Egyptian Turmoil Gives Sinai Extremists Opportunity, Neighboring Israel Worried
Egyptian Turmoil Gives Sinai Extremists Opportunity, Neighboring Israel Worried

TEL AVIV—Two Egyptian soldiers were killed at a checkpoint in the country’s Sinai peninsula Wednesday, highlighting the volatile situation in the region after the military took over power last week. 

The Sinai peninsula, which borders both Gaza and Israel, has become a flashpoint of violence after President Mohammed Morsi was ousted as by the country’s military last week. Last Friday, five Egyptian soldiers were killed by attacks in the region, with one more killed Sunday. 

Israeli authorities are increasingly worried about the possibility of attacks from the Sinai peninsula or infiltrations by terrorists into Israel. Last Thursday, rockets were fired from Sinai into the Southern Israeli city of Eilat. Responsibility for the attacks was claimed by the extremist faction Ansar Bayt al-Maqdes.

Ansar Bayt al-Maqdes is made up of mostly local Bedouins, an Arab ethnic group, but also recruits from other parts of Egypt and other Arab countries, according to the Times of Israel. The Sinai Peninsula is predominately home to Bedouin tribes.

While the Egyptian army reportedly launched an offensive against the extremist groups in Sinai in recent days, it won’t be the top priority of the military as it’s struggling to find a solution to the political crisis in the country as mass protests that have gripped the nation continue. 

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Both Egypt and Israel see the level of, and rise of, extremist groups in the Sinai peninsula as a common threat, but Israeli authorities increasingly fear Egypt’s military might lose control in Sinai.

The already volatile peninsula, which has been a breeding ground for extremist thought in decades of neglect from authorities, has become increasingly unstable after Egypt’s Arab Spring revolution in 2011. Under ousted President Morsi’s rule, Egyptian forces were restricted in their operations in the region.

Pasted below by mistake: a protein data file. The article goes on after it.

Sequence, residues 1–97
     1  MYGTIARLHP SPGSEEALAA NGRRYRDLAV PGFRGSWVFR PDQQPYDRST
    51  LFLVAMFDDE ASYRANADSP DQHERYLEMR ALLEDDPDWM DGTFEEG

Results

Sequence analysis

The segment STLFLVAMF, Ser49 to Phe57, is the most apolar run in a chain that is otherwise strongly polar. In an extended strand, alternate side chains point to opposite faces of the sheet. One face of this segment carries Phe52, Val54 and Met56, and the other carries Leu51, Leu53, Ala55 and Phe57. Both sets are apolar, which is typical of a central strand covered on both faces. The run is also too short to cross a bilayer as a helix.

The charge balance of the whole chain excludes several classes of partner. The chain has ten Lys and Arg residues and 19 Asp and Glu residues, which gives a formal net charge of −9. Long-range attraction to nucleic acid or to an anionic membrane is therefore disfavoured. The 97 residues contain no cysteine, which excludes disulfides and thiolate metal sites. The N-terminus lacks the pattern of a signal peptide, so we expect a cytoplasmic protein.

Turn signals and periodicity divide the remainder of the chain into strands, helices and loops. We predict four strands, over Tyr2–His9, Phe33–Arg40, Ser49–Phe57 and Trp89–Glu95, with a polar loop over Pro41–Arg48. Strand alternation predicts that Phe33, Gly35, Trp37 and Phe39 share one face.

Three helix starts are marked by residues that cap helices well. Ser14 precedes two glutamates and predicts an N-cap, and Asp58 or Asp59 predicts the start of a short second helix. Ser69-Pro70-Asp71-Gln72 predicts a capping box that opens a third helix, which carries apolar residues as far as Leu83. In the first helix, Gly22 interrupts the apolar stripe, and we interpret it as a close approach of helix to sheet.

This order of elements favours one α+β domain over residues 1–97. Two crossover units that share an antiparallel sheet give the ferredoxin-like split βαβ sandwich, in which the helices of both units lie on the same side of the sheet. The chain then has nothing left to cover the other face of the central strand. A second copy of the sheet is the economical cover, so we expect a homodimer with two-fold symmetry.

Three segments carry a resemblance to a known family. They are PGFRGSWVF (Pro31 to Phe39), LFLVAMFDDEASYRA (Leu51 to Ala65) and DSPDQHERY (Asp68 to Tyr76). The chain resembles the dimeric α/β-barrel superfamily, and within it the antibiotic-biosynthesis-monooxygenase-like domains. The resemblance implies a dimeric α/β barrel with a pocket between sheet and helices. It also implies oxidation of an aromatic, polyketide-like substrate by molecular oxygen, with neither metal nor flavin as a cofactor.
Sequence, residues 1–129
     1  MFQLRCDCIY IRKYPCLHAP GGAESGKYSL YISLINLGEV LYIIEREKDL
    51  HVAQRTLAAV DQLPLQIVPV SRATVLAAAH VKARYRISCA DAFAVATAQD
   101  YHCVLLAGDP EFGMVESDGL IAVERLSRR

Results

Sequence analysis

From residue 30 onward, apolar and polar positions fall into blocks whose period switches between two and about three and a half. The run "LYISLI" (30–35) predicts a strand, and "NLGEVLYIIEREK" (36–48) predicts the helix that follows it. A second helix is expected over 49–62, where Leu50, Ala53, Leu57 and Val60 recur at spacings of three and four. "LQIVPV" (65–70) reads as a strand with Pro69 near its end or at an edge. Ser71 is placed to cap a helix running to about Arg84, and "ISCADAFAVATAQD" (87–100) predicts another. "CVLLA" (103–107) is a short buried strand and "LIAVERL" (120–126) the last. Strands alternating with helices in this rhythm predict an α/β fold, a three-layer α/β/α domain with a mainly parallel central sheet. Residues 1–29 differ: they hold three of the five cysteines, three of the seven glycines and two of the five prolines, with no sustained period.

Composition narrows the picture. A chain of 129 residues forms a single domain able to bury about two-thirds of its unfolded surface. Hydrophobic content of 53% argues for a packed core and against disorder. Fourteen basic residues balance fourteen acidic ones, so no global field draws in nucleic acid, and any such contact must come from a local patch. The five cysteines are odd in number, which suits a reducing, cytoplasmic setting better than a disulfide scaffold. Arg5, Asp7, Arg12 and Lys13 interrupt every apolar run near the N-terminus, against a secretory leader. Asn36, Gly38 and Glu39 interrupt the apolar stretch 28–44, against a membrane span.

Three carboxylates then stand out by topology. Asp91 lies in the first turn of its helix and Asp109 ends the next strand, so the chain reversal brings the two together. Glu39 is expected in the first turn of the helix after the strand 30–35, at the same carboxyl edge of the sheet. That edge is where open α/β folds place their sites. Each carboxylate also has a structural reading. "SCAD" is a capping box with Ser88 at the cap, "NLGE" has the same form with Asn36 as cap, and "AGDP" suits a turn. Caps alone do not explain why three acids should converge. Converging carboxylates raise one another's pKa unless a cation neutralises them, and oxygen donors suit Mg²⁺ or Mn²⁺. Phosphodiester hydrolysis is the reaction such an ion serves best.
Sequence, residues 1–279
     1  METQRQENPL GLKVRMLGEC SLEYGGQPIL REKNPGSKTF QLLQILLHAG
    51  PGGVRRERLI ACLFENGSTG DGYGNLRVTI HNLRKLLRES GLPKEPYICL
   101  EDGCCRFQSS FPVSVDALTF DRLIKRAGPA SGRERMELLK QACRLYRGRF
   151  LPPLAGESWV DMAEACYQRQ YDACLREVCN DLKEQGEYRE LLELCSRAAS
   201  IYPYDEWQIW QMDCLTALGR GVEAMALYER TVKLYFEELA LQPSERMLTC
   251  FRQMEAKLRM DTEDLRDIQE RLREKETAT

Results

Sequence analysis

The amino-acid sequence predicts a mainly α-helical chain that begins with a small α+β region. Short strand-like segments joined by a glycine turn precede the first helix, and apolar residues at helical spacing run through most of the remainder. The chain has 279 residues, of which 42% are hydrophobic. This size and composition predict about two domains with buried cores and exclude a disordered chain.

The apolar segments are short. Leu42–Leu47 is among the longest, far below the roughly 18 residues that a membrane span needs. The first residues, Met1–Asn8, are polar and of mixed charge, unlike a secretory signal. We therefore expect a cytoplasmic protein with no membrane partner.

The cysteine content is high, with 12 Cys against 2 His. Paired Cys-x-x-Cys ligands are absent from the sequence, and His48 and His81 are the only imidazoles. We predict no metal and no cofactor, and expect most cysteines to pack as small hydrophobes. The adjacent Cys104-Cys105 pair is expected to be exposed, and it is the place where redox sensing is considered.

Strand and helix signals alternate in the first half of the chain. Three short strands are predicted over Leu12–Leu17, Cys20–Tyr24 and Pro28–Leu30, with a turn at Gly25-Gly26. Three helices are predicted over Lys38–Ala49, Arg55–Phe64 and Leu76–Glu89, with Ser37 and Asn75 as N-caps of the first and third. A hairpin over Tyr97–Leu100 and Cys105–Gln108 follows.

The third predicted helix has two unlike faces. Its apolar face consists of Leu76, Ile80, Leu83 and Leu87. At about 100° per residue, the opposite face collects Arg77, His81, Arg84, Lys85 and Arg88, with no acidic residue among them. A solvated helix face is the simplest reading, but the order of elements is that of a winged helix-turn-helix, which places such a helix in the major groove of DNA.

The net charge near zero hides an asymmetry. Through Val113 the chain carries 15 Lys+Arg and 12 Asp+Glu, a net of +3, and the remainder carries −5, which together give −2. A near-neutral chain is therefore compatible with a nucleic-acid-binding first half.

“During his year as President, Mohamed Morsi didn’t let the army act freely in Sinai against the Jihadist and the Bedouin tribes,” said Professor Elie Podeh at the department of Islamic and Middle Eastern Studies at the Hebrew University of Jerusalem. “It resulted in today’s chaos in Sinai.”

The number of Egyptian troops in Sinai is limited in number given the peace treaty signed with Israel.

“If Israel will allow more Egyptian military forces to enter Sinai it is possible to overcome the terrorist groups. It is a common interest of both Israel and the Egyptian Army,” Podeh said.

Podeh believes that, while at present there might be an increased risk in attacks from Sinai into Israel following the political crisis, in the long run he expects the Egyptian military to respond more effectively to the terror threat in Sinai than Morsi did.

In August 2011, eight Israelis were killed in a cross-border attack by a group entering from Sinai.

In response to the growing terror threat from the Sinai Peninsula, Israeli Prime Minister Benjamin Netanyahu said Sunday that, “the fence that was built to block illegal migration from Africa has now an additional function, namely counter-terrorism.” According to Netanyahu, the fence is equipped with very advanced means. 

The Israeli Defense Forces are preparing to further adapt the fence on the border with Egypt.

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